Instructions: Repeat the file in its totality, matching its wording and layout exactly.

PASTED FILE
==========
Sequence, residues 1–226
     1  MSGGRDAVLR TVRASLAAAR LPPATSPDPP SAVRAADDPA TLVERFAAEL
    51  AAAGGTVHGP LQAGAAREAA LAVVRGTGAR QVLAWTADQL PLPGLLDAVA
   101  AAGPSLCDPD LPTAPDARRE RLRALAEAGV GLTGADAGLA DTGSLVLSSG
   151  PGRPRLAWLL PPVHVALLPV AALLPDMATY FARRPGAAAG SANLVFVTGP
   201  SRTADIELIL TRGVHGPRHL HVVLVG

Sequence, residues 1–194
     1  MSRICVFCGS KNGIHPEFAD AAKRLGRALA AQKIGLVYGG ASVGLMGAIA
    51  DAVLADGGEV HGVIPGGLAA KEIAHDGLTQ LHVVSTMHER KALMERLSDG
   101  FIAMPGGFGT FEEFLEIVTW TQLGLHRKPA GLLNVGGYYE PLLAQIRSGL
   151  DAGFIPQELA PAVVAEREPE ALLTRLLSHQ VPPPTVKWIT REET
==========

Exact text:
Sequence, residues 1–226
     1  MSGGRDAVLR TVRASLAAAR LPPATSPDPP SAVRAADDPA TLVERFAAEL
    51  AAAGGTVHGP LQAGAAREAA LAVVRGTGAR QVLAWTADQL PLPGLLDAVA
   101  AAGPSLCDPD LPTAPDARRE RLRALAEAGV GLTGADAGLA DTGSLVLSSG
   151  PGRPRLAWLL PPVHVALLPV AALLPDMATY FARRPGAAAG SANLVFVTGP
   201  SRTADIELIL TRGVHGPRHL HVVLVG

Sequence, residues 1–194
     1  MSRICVFCGS KNGIHPEFAD AAKRLGRALA AQKIGLVYGG ASVGLMGAIA
    51  DAVLADGGEV HGVIPGGLAA KEIAHDGLTQ LHVVSTMHER KALMERLSDG
   101  FIAMPGGFGT FEEFLEIVTW TQLGLHRKPA GLLNVGGYYE PLLAQIRSGL
   151  DAGFIPQELA PAVVAEREPE ALLTRLLSHQ VPPPTVKWIT REET